And although the relative economic strengths of the combined major EU states leave the UK government at a disadvantage in the Brexit ‘negotiations’, the Irish Republic is far more dependent on the UK economy than the other way around. This means that the UK government will use this leverage to exert pressure. It will receive backing from Trump, whose reactionary Right wing, Christian fundamentalist allies already play a major part in buttressing social conservatism, North and South, blaming the EU for creeping social liberalisation from above.

And despite the electoral surge of Sinn Fein (25% of the vote) in the Irish Republic elections on February 8th, 2020, a new Fianna Fail/Fine Gael/Green coalition government has been formed, which is nearly as opposed to Irish unification (anytime soon) as the UK government. The SNP does have a pro-independence (however that is defined) constitutional nationalist majority at Holyrood but is up against a reactionary unionist UK government. Sinn Fein does not enjoy a constitutional nationalist majority at Stormont, where in addition the Unionists have a veto. And  it is not only the reactionary unionist UK government that would oppose any Irish reunification referendum, but also the conservative constitutional nationalist government and parties in the Irish Republic.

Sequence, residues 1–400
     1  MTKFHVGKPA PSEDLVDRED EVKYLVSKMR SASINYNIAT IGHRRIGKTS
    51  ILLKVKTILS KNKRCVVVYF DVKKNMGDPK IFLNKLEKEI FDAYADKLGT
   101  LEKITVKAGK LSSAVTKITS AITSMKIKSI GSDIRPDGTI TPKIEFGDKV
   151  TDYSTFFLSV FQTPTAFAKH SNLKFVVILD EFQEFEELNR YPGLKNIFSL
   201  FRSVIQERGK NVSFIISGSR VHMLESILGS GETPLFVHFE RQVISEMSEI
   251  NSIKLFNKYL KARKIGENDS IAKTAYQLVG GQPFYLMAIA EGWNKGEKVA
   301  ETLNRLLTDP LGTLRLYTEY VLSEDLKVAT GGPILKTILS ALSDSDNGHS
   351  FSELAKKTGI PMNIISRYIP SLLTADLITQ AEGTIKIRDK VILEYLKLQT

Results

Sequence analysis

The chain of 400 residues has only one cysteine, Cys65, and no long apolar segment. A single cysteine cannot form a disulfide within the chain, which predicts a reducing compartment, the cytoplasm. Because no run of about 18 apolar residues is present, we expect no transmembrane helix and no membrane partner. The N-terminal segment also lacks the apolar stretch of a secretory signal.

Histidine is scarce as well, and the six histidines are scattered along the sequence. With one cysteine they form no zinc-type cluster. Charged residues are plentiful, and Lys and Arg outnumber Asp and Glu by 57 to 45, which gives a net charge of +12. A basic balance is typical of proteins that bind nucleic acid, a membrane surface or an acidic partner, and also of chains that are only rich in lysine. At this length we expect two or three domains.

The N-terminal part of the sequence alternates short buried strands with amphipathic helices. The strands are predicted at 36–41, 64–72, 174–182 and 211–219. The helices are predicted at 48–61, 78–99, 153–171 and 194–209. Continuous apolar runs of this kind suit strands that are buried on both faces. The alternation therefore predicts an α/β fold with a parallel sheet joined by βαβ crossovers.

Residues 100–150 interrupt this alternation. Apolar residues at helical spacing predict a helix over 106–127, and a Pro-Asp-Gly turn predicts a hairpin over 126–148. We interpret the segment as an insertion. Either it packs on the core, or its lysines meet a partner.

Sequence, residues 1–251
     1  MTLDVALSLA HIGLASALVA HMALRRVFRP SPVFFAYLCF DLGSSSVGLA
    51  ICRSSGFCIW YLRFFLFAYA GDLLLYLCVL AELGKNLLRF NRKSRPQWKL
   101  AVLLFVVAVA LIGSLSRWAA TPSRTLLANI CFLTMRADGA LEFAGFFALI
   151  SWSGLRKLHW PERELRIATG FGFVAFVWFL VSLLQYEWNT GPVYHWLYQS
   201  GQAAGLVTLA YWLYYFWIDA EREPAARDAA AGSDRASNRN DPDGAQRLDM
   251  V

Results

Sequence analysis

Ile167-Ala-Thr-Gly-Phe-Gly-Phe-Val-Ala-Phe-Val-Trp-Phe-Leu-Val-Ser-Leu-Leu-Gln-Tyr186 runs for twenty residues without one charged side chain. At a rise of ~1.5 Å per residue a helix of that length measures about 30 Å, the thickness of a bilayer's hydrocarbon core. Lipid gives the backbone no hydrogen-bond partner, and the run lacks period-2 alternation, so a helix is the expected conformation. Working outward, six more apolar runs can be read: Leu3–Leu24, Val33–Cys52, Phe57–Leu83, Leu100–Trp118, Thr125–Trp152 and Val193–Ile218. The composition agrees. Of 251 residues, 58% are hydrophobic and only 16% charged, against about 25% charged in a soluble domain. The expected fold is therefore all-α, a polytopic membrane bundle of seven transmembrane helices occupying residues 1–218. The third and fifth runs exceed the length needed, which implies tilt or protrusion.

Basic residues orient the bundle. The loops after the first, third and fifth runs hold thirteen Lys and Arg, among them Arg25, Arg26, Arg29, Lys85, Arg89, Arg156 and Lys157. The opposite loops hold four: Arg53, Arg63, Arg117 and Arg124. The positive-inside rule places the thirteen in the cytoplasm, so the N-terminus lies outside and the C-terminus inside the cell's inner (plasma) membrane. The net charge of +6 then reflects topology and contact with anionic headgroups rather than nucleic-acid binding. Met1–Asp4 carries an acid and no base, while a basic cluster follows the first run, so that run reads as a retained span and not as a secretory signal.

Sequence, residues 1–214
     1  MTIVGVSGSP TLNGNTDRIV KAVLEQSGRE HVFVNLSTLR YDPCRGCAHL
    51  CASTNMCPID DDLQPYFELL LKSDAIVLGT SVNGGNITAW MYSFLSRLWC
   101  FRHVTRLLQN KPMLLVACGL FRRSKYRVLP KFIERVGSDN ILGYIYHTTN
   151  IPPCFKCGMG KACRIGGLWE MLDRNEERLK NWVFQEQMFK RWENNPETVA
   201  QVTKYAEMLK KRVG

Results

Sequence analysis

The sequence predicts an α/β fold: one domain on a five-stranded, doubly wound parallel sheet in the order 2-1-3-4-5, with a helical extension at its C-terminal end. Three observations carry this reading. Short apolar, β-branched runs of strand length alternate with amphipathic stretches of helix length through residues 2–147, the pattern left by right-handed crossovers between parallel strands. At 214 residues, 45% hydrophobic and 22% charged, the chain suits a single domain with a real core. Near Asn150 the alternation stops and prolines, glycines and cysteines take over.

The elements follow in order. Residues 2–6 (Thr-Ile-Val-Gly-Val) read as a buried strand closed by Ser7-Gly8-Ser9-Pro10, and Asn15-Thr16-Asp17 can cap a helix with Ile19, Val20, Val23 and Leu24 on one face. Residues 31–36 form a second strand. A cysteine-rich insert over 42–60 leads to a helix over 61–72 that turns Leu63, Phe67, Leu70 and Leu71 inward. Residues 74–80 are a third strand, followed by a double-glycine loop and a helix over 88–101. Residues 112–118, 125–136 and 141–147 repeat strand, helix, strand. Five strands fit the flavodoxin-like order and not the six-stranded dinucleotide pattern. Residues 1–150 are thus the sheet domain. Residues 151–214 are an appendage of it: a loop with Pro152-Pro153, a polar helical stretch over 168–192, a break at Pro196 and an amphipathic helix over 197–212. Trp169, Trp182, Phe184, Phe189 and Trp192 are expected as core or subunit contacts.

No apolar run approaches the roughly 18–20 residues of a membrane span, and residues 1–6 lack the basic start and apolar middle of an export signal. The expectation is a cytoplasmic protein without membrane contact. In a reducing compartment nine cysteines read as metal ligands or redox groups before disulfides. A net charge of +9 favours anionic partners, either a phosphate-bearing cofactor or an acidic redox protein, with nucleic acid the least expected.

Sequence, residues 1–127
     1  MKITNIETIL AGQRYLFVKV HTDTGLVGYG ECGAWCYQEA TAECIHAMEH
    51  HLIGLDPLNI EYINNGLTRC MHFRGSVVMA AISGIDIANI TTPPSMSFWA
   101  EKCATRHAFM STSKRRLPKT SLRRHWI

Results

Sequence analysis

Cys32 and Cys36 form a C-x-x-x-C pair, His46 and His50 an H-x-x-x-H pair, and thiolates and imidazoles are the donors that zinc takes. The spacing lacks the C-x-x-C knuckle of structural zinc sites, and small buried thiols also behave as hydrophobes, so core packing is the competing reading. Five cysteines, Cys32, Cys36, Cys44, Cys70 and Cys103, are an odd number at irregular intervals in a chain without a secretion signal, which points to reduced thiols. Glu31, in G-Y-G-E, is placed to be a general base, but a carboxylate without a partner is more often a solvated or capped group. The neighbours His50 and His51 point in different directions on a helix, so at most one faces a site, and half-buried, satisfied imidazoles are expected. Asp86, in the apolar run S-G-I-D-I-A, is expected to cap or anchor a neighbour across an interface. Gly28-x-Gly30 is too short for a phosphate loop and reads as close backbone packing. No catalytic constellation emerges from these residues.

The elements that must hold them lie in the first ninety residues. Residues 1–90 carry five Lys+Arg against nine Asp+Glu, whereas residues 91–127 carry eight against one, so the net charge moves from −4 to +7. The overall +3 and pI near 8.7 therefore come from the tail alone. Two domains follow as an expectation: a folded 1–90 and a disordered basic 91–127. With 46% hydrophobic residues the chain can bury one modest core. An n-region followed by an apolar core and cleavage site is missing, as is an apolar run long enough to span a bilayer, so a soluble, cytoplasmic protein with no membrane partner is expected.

Given that Sinn Fein doesn’t participate at Westminster (never mind the tensions any political deals with Sinn Fein would lead to for the SNP), the SNP’s most likely allies are the SDLP. However, there is every indication that the SDLP wants to work with the liberal unionist Alliance Party in Stormont. Furthermore, the SDLP, with the backing of the conservative constitutional nationalist parties in the Irish Republic, is not at all keen on an Irish reunification referendum. The SDLP’s inward looking, localist politics provides little basis for cooperation with the SNP.


 e) The growing tensions in the Scottish Independence Movement